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Although James Fort is famous for being the location of the first permanent English settlement in the New World, archaeology has shown that it was familiar to Virginia Indians centuries before the colonists set foot on Jamestown Island. Every year the Jamestown Rediscovery archaeologists find hundreds, sometimes thousands, of prehistoric artifacts. This collection of artifacts, many of which may date to 8,000 years prior to the English settlement, suggests the high ground beneath the fort was a sought out by prehistoric peoples.

This winter, under the direction of Senior Staff Archaeologist Dave Givens, Bob Chartrand is analyzing local quartz and quartzite recovered from some of Jamestown’s plowed contexts. His focus is on stone tools and raw materials, and it involves recording metrics of material type, size, and how far the materials travelled before they were deposited at Jamestown.

“I’m simultaneously sorting and categorizing chert, flint, and other types of lithics in each archaeological unit, so the information is there for future study. However, the major focus of our study is on the quartz and quartzite,” said Chartrand. After he finishes gathering the data for the specified contexts, he and Givens will import the database into Arc GIS (Geographic Information Systems). Once the data is in the mapping system, they will use the data to create maps plotting density and distribution of quartz and quartzite on the site in an effort to find out where, when, and how prehistoric peoples populated the landscape.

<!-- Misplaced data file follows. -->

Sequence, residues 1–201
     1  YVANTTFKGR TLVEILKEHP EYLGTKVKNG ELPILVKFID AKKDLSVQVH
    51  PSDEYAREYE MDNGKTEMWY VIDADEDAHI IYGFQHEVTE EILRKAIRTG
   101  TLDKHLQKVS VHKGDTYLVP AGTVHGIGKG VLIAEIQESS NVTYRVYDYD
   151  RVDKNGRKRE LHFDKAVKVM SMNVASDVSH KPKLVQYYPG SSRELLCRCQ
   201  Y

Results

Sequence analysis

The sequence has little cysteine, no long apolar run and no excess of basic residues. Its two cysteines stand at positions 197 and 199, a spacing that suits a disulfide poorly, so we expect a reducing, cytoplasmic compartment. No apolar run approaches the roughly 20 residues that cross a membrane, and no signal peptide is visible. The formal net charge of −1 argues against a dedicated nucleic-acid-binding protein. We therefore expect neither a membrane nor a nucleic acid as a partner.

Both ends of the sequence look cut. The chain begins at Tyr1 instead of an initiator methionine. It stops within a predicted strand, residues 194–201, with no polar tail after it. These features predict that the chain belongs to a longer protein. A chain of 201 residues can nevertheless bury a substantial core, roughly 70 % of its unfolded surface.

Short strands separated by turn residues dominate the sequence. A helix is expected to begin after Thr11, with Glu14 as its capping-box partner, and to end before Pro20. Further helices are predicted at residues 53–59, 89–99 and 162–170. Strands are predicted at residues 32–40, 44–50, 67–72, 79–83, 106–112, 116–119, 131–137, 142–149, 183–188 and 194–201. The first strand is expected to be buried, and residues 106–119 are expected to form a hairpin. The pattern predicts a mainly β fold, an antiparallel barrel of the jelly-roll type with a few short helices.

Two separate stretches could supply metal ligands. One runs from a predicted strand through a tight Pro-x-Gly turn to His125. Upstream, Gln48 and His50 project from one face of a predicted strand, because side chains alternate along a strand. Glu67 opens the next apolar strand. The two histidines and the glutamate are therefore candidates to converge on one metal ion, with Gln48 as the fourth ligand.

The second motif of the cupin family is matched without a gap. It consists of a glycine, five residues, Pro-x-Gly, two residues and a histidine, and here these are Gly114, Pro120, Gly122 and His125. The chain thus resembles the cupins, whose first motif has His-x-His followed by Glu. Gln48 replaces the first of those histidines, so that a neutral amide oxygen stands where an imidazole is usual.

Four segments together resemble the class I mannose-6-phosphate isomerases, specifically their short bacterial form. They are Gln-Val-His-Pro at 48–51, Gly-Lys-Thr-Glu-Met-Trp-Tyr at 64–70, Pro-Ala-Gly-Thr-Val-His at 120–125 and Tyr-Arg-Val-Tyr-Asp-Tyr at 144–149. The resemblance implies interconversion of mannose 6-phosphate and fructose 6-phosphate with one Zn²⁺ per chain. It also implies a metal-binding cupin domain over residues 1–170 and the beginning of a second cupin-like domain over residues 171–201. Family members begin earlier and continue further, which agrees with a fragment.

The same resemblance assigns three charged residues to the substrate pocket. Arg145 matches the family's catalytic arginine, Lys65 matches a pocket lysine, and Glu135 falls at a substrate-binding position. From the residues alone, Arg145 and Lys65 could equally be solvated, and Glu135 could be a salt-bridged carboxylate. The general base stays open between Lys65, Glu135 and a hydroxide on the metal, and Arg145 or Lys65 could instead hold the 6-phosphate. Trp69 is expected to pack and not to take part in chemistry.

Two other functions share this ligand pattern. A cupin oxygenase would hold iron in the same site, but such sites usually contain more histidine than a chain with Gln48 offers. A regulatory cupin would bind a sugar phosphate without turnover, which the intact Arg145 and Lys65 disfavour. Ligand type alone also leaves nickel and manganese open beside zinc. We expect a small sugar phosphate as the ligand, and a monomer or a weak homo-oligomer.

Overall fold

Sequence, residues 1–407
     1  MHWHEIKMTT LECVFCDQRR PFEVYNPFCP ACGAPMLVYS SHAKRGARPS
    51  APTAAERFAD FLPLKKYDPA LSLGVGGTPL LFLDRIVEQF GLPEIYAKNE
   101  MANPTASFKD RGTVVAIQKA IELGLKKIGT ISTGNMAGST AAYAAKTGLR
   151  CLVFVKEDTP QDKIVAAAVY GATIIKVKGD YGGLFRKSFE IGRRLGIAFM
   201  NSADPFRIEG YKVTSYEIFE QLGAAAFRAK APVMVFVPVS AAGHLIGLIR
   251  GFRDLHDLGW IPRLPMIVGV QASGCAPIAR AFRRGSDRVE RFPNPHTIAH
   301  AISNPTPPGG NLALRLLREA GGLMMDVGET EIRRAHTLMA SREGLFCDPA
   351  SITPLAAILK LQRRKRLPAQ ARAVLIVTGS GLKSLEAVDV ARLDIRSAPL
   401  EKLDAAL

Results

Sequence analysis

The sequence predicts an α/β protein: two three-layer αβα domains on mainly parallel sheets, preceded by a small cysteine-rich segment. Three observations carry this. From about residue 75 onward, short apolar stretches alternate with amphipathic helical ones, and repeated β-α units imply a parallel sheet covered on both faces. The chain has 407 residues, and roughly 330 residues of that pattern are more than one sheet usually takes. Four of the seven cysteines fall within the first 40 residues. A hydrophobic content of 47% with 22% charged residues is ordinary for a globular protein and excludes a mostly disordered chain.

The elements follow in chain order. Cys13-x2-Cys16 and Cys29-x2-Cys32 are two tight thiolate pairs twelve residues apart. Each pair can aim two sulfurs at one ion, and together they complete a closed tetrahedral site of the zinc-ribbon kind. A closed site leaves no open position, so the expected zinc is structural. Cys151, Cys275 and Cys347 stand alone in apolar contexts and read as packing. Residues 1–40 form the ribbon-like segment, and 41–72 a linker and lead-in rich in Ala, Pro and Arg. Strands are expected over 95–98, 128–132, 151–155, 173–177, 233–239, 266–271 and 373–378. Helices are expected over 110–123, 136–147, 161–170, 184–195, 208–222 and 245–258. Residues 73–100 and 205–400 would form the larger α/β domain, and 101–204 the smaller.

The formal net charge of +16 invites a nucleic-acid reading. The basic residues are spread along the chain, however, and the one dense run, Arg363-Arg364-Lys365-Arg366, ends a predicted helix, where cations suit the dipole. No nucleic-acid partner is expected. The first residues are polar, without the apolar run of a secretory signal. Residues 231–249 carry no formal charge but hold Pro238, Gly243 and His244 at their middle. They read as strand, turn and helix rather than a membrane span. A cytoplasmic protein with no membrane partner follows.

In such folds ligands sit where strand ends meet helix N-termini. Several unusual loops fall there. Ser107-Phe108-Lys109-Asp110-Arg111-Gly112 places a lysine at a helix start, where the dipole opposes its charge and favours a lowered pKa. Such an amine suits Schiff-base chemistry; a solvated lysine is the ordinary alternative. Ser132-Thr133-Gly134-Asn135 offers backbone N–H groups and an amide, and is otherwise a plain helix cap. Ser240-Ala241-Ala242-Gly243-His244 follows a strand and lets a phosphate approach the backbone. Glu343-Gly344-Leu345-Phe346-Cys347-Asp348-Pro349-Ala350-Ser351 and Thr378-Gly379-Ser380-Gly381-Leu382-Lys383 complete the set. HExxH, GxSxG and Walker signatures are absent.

In the lab, our diligent Jamestown Rediscovery volunteers have completed washing and sorting all the artifacts, and numbering all the pipe stems and ceramics from the features and units excavated during the 2015 dig season. This progress puts the team well ahead of schedule and has given volunteers to the opportunity to return to sorting and numbering artifacts from the 1861 Confederate Fort contexts. The inventory of the study collection in the Rediscovery vault also continues.
Conservator Katy Corneli has started assessing bone-handled knives in the collection that are awaiting conservation. Upon close inspection, Corneli noticed that the iron bolster of one 17th-century knife recovered from Confederate earthwork was wrapped in thin, decorative silver plating. The silver appears very low grade, with a high tin content. “The silver is so thin,” says Corneli, “that it’s likely that the silver was folded around a wooden handle.” Sometimes, the process of conserving an artifact leads to more exciting discoveries not immediately evident when excavated.

This month’s Dig Update video features Conservator Dan Gamble discussing the conservation of the “jack of plate” armor he recently completed.
Lastly, the Jamestown Rediscovery staff congratulates our colleague, Dave Givens, on the completion of his Master’s in Archaeology through the University of Leicester. Givens traveled to England the end of this month to receive his degree. He was accompanied by Rediscovery volunteer Chuck Durfor, who was on hand with his camera to document the occasion.

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Dig Update Archive, 2004-present